Season three sees Will recovering from his near-death at Hannibal’s hands, while the latter is again moving among the wealthy, this time in Europe. In the meantime, Will is again not quite a trusted member of Jack Crawford’s team, and this time, it’s not wholly to do with his skills and social standing, but also the fact that he may have aligned himself more permanently with Hannibal in a way that defies social conventions and offends the sensibilities of everyone they know. This is compounded by Will confiding to Jack that he wanted to run away with Hannibal and even sails to Europe in order to track Hannibal down through the unconventional means of walking through Hannibal’s life, visiting his childhood home and attempting to determine whether it was trauma that shaped Hannibal or some combination of that and opportunity.

A contrast to and connection between Hannibal and Will, throughout seasons two and three are the Vergers, Margot and Mason, a family whose business is slaughter, but who hide it in often tacky excess. They become entangled in the drama between Will and Hannibal—or he is tugged into their own game. Will demonstrates that while he may have been included in the Verger power struggle, he remains apart, first when, in season two,  he frees Hannibal rather than allow Mason to kill him, and then when he is complicit in Mason Verger’s drug-induced self-mutilation and paralyzation.

These decisions are complicated in season three when Will and Jack are racing to find Hannibal before Mason, and both Hannibal and then Mason Verger very nearly consume at Will, although their intentions—love and revenge—lead them to very different consequences.

Hannibal rescues Will from Mason Verger with the assistance of Margot and Alana, and then chooses to put himself in a cage so that Will will “always know where [he is],” although Will manages to avoid seeing him for several years. He returns to his working class life, this time finding romance with Molly, adopting more dogs, and living in a house which is comfortable, but in no way ostentatious. At the same time Hannibal has been stripped of all his luxuries and is living in a glass cell with only the amenities that Alana Bloom and Jack Crawford allow him.

It is clear that Hannibal is only biding his time in this situation, and when he sees Will again, he challenges the assumption that Will is happy with his little life, correctly deducing that Will is more than the perceptions other people have of him. In other words, the butterfly has emerged from its chrysalis, and it cannot contort itself into a shape that no longer fits. That is evident in the scenes at Hannibal’s house, when interrupted by Francis Dolarhyde and Hannibal is wounded, Will has a moment where he does consider the merits of allowing Hannibal to be killed, something that would not have occurred to the Will of several years ago. That man was insecure in the inescapable class differences between himself and Hannibal and often chose to disengage rather than challenge those boundaries.

However, now Will Graham is very much aware of what he is capable of, and this knowledge puts him on a more even footing with Hannibal. They have seen one another dressed up in the finery of “good society” and stripped down to the essentials of survival, and this supersedes the lines class would have them draw. It is these experiences both loving and painful that allow Will and Hannibal respond to a threat as a united force, both throwing off all vestiges of the men they were perceived to be and embracing, blood soaked as equals in every way possible.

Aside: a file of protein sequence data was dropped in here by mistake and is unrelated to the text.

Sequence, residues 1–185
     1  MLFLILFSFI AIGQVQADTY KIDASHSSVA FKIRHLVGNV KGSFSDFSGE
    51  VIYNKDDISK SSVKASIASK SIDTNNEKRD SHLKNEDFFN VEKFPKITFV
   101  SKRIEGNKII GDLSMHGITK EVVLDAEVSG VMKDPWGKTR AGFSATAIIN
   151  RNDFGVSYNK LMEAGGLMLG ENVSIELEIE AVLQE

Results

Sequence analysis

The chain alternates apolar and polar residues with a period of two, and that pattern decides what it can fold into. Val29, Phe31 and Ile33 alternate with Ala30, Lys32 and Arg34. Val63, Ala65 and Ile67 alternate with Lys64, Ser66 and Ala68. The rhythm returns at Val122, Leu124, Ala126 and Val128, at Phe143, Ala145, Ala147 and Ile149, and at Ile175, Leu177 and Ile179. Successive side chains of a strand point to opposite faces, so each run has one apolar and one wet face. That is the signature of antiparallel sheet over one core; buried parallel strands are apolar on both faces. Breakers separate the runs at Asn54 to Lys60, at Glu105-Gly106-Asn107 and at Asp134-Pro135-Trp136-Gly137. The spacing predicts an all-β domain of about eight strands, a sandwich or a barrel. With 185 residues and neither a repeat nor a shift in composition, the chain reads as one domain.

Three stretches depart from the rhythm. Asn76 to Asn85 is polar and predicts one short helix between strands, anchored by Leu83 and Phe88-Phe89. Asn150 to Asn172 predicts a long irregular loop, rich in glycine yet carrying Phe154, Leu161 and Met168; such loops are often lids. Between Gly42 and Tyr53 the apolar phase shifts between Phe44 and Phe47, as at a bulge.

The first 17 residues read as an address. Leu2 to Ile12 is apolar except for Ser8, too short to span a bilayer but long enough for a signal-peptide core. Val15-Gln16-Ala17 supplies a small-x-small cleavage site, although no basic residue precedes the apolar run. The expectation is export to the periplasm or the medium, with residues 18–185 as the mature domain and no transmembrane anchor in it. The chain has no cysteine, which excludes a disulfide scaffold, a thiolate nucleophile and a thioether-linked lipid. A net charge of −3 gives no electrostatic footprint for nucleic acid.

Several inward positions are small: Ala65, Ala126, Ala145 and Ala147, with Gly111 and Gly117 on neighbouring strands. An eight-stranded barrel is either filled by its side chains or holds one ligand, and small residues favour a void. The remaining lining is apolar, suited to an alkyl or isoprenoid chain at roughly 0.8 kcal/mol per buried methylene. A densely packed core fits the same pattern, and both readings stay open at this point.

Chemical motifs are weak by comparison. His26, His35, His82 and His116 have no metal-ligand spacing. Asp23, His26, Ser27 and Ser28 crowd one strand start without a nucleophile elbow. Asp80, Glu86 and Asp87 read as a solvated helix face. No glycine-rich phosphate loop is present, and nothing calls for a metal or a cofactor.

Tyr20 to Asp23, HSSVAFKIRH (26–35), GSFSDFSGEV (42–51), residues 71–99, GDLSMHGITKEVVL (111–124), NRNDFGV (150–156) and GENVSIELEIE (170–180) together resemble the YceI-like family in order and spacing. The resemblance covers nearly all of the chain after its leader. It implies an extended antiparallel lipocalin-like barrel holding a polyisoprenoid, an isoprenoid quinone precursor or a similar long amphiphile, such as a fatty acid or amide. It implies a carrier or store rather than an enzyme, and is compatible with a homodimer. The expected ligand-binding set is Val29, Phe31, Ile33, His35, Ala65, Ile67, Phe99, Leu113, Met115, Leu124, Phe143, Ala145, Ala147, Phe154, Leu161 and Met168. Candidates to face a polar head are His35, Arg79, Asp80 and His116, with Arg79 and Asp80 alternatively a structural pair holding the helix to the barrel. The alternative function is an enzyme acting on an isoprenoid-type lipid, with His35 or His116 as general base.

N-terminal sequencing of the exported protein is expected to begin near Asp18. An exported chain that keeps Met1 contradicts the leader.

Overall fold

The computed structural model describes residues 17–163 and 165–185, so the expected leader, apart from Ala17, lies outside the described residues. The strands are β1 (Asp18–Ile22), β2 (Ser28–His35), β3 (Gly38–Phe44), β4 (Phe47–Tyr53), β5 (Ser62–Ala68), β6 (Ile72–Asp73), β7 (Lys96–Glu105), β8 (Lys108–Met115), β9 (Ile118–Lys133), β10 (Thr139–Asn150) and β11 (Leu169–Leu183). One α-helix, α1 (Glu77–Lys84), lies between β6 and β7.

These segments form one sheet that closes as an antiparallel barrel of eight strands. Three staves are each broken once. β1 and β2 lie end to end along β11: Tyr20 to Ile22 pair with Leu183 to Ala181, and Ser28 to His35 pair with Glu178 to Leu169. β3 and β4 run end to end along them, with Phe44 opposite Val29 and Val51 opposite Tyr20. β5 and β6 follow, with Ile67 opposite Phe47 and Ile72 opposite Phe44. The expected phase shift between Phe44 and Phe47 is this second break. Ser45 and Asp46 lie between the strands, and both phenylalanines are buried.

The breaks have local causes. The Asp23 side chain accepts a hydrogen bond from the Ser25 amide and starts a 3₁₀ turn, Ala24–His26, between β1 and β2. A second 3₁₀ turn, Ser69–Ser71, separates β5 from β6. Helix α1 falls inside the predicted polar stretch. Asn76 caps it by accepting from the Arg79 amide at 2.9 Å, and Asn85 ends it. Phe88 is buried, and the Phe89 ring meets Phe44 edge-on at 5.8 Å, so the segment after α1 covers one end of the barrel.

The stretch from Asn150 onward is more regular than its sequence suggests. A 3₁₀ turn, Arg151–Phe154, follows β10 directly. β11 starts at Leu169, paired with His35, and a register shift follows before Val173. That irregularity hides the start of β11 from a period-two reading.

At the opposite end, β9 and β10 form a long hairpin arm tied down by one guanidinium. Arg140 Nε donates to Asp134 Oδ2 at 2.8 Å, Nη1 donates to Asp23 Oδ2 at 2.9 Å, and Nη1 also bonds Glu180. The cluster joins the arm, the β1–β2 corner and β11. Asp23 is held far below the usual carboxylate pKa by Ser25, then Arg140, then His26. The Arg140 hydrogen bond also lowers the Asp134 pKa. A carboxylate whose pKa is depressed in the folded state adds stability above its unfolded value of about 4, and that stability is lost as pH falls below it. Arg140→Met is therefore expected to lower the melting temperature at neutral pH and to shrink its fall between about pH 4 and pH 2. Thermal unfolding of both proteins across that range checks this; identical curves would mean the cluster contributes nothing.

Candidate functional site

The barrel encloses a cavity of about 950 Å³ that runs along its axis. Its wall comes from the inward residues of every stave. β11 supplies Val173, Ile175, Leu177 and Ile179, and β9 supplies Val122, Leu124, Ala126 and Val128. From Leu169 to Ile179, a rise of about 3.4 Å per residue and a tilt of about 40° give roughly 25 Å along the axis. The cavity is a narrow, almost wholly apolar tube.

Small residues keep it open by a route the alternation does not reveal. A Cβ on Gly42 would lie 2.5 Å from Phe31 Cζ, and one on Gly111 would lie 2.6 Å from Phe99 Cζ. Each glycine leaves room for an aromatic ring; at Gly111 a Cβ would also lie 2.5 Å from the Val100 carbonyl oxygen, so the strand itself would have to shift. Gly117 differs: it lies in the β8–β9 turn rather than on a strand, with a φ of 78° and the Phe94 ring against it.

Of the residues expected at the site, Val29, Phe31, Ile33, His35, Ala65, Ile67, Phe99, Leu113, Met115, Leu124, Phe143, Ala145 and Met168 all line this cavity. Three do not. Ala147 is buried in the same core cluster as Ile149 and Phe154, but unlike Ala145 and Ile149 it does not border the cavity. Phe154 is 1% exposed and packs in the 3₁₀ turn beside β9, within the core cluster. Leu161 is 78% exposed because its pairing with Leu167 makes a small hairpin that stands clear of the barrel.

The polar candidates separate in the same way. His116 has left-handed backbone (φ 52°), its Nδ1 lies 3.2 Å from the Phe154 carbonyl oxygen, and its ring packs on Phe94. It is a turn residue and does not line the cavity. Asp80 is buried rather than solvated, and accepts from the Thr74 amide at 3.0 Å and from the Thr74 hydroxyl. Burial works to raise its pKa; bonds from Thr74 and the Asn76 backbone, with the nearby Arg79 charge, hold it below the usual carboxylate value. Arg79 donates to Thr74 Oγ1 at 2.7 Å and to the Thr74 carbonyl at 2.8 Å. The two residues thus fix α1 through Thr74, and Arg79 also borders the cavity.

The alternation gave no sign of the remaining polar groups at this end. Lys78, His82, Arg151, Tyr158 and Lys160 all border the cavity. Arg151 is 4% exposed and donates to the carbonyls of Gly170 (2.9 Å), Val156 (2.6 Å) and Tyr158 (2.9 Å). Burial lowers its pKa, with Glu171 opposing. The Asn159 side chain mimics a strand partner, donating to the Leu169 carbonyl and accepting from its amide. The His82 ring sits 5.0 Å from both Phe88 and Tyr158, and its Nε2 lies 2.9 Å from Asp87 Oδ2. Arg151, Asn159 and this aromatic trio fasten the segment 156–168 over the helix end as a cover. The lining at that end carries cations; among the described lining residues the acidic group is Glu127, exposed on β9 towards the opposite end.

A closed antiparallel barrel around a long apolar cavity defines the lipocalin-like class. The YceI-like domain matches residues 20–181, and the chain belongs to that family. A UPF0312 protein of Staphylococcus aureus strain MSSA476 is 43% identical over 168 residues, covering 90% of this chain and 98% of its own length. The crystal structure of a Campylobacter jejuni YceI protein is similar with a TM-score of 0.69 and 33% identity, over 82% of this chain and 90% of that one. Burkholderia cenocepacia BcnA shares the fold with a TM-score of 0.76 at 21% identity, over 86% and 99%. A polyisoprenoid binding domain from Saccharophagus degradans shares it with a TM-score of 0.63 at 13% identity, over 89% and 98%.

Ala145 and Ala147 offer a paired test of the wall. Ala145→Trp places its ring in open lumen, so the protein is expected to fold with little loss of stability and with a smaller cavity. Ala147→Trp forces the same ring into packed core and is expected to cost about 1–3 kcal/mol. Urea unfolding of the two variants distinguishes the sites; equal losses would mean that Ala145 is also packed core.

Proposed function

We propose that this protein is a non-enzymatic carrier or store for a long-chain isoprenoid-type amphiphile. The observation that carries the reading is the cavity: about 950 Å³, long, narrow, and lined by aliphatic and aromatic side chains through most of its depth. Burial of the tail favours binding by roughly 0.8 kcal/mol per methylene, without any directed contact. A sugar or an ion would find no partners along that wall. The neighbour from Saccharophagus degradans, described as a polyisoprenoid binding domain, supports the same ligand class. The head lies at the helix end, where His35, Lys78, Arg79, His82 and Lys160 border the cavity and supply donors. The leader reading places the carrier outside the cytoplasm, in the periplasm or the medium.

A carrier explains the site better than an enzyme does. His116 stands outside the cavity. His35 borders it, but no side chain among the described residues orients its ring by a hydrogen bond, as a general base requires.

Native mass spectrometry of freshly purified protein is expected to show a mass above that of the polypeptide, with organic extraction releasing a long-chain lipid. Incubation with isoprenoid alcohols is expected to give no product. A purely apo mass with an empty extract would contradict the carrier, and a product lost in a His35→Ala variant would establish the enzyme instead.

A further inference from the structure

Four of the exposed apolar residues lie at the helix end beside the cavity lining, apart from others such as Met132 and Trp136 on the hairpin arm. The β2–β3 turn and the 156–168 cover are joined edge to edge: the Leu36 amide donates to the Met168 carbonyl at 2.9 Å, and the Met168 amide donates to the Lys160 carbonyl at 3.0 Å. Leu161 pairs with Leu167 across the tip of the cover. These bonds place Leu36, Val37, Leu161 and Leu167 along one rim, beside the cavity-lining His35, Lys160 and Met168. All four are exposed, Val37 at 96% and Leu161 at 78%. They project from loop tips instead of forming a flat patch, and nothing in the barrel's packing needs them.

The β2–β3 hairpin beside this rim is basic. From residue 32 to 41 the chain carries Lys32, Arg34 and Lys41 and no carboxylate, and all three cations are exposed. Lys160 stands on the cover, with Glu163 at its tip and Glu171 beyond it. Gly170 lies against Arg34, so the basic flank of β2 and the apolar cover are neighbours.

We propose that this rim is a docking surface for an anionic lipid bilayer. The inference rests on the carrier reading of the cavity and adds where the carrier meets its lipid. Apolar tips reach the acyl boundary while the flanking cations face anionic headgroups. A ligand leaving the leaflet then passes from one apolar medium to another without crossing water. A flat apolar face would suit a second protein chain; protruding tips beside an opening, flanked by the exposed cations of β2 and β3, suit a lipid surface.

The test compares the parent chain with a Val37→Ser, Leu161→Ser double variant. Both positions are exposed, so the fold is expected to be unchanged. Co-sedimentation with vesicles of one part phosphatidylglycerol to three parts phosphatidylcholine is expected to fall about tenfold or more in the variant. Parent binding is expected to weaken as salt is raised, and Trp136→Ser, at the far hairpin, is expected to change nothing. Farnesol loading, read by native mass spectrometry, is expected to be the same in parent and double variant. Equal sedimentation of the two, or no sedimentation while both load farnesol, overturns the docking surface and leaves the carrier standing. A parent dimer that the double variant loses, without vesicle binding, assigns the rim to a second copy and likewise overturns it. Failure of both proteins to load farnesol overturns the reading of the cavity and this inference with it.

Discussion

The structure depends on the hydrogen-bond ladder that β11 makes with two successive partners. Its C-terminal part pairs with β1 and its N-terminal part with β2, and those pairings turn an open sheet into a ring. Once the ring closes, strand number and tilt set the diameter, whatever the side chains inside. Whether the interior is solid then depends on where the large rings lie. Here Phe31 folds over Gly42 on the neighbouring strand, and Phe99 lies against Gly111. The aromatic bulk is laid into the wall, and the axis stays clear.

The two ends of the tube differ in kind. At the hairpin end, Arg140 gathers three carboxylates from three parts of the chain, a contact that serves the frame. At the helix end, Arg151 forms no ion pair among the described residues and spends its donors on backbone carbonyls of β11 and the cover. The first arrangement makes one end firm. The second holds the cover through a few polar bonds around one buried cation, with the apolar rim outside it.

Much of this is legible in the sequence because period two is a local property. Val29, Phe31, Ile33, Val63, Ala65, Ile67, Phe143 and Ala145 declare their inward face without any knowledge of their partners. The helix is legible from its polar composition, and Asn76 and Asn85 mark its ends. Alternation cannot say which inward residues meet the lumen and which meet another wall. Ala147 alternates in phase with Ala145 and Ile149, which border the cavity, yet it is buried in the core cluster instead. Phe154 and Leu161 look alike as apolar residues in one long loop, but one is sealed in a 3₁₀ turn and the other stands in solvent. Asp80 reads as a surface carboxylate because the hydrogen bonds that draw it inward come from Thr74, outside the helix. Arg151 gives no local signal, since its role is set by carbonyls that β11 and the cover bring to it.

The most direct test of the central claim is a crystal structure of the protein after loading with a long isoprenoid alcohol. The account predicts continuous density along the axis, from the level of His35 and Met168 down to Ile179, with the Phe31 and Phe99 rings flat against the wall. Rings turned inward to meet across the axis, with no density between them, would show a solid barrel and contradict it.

Kirsten Thompson

Kirsten Thompson

Writer, comics editor: Strange Wit, The Bargain. Needs more tea.

5 thoughts on “From Haute Cuisine to the Guillotine: Class in Hannibal

  1. Peacock is right – I used to work for the bespoke house that did many of Hannibal’s suits for the show, and basic bespoke suits at that house ran between $1400-2200, spending on base fabric and number of pieces. Many of his suits are so ostentatious that it also highlights how wealthy he is –– many men can shell out good money for an all-purpose charcoal or navy suit, but Hannibal evidently invests a lot of money in a lot of different really unusual, bold fabrics. Fabric selection is so very much an indicator of money in bespoke circles, because unique pieces are very expensive! (It’s also hard to imagine someone who dresses like that being inclined to sully his cuffs with blood and guts.)

    You’ll also notice that Hannibal wears purple in moments of triumph. I think that ties in pretty well to the discourse of how his wardrobe emphasizes class differences, with purple being the colour of nobility and luxury.

    1. “You’ll also notice that Hannibal wears purple in moments of triumph.”

      Oh that’s so clever. I really appreciate how much attention to detail went into the sets and wardrobe on this show.

    2. Regarding unique pieces being so much more expensive – absolutely, it’s a mark of monetary wealth as well as time – being able to be fitted, have input on over the top suits, instead of someone who simply has time to get one off the rack and maybe get it altered.

      I also love the detail about Hannibal wearing purple in triumphant moments. It’s such a personal in-joke too.

      1. Definitely. Bespoke is a bizarre world; lots of old money, but also a lot of self-made people who see bespoke as part of accessing the social class of wealth. There’s so much procedure behind it, too, and a big performance of subservience put on by people who work in it. The moment a patron walked in for a scheduled appointment, there’d be an instant change in atmosphere, kind of like Miranda Priestly walking into the building in the Devil Wears Prada. It’s a hard culture to work in if you can’t kowtow to the hundreds of years of “tradition”, and frankly, the real-life Hannibal Lecters (in class/attitude, not in dietary habits) can make things very stressful. They don’t know just how much of the bespoke world has been set up to romance them and keep them happy.

        I love the purple thing haha. It’s my favourite little fact.

Comments are closed.

Close
Menu